At our next meeting, the Council will take up a request by the Sheriff’s Department — which provides law enforcement in San Carlos — to purchase an additional license plate reader, and expand how long captured license plate data is retained.
Our existing license plate readers have played a useful role in a number of criminal investigations, proving their value as an investigatory tool. Consequently, it seems reasonable to me that we invest in another one.
I’m more troubled by expanding the data retention period. It’s a settled matter of law that there is no right to privacy when traveling on a public road, nor even to operate a vehicle on one (that’s why they’re able to be licensed and registered). But, despite that, my sense is most people get a skin-crawling sensation when they think about their normal, everyday movements being tracked by the government.
In fairness, three license plate readers can’t track vehicles in San Carlos; even our small town is too big for that limited number of cameras to cover. That doesn’t matter so far as criminal investigations are concerned, where one is mostly interested in seeing if a particular vehicle or kind of vehicle was in town around the time a crime was committed. Nevertheless, I still think many have a concern about the trend towards gathering more surveillance data.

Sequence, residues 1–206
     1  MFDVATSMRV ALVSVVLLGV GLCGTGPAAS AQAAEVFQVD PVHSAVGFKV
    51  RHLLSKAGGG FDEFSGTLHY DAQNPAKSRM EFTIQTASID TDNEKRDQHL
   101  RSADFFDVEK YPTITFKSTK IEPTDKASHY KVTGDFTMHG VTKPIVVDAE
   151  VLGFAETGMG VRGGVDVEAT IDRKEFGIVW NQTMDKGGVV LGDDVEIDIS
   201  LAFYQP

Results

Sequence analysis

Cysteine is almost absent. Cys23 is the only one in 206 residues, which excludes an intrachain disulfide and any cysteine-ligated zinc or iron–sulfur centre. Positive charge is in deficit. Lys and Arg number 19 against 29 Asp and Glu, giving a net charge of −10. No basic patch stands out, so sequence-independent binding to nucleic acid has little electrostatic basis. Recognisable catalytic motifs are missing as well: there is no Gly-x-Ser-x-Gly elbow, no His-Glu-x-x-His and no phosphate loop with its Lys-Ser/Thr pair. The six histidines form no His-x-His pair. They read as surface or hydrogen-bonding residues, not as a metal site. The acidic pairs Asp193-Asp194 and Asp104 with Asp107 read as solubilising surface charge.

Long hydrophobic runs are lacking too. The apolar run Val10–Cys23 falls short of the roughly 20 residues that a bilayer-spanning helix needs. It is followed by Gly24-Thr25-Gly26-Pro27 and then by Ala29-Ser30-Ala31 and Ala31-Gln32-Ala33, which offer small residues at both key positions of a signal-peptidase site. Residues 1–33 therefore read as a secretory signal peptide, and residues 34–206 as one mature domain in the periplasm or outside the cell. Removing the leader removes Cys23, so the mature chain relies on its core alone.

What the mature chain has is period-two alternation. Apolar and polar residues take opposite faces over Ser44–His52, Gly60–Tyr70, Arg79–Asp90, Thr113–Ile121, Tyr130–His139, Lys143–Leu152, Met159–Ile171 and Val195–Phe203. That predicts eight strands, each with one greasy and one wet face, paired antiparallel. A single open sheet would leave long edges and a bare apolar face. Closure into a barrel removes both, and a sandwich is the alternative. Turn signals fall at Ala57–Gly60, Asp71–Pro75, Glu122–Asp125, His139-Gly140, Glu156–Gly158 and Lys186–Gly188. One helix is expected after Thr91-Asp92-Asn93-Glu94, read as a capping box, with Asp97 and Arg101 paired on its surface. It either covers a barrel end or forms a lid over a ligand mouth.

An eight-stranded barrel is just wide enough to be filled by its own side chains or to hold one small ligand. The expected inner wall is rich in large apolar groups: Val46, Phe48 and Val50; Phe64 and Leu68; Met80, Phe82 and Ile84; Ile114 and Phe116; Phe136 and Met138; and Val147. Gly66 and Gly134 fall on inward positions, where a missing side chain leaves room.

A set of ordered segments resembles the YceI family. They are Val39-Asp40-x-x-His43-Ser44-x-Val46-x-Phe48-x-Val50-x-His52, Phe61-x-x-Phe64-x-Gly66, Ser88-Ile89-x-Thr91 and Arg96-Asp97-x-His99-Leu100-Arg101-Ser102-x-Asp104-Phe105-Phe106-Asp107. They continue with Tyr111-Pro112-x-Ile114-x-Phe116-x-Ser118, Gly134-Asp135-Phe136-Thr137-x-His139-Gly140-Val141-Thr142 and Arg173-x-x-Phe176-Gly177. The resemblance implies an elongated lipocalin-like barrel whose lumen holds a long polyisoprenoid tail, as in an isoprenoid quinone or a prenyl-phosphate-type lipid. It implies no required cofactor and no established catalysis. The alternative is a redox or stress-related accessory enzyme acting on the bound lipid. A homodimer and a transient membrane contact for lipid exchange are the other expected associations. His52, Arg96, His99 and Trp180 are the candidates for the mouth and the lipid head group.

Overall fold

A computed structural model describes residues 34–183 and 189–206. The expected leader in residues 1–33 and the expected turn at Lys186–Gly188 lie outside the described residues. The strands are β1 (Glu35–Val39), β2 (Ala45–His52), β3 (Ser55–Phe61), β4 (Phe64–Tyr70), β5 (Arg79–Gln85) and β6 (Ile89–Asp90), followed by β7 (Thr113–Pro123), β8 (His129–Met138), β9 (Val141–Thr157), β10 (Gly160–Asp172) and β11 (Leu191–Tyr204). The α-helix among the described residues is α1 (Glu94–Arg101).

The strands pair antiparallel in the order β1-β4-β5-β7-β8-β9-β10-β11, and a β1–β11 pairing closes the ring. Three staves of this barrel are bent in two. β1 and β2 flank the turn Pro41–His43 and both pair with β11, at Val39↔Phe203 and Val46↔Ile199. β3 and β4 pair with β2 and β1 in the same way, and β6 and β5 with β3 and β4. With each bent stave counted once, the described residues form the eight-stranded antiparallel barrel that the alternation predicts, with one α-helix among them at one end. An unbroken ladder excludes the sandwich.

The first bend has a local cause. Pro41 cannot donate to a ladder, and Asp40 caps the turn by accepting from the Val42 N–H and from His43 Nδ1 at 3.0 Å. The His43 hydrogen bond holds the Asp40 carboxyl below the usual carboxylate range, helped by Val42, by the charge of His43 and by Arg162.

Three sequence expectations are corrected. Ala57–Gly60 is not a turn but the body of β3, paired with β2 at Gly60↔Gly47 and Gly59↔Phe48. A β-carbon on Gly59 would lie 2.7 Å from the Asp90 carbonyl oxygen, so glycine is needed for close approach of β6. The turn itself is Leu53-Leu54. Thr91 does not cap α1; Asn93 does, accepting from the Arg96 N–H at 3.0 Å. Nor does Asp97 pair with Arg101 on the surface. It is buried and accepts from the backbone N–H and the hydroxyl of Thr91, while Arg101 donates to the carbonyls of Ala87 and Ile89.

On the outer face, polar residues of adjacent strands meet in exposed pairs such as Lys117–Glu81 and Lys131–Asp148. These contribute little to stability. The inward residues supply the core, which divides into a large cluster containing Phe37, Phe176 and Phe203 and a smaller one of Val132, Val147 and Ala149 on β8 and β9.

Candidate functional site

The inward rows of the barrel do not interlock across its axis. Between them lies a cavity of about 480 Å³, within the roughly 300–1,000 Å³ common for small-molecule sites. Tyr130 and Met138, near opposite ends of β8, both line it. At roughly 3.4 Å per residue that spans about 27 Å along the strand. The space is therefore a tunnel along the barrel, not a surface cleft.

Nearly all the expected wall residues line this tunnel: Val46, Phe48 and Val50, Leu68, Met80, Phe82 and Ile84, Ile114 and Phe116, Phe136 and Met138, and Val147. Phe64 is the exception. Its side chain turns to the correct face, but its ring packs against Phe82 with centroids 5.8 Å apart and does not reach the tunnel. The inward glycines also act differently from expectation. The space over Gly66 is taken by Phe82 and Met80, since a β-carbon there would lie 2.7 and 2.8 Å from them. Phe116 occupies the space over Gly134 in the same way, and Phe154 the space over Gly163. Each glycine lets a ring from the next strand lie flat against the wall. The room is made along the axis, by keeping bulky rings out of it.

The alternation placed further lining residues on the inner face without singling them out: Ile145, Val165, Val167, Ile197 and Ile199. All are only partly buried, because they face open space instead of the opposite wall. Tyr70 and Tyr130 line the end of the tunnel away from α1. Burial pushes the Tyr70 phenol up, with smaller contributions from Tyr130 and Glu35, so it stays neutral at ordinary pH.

Which is why I pushed, when we bought our first two readers several years ago, to have our data expunged from the regional state/federal data warehouse where it’s stored as quickly as was consistent with allowing law enforcement a reasonable window in which to do their investigations (at the time, I told the Chief that if he really needed a year, instead of six months, we needed to have a different conversation, focused on getting him more investigatory resources). Nothing has happened to change the basis of my concerns. If anything, recent examples of “surveillance” run amok, like Facebook providing a massive data trove to Cambridge Analytica, have heightened them.
But my gut tells me most of the Council is okay with our data retention period being expanded. Not because they want to monitor residents. But because law enforcement is asking them to do it, and most, if not all, of our neighboring communities allow one year retention.
If you think we shouldn’t make this change, now would be a good time to contact your Council members.
What do you think about this issue?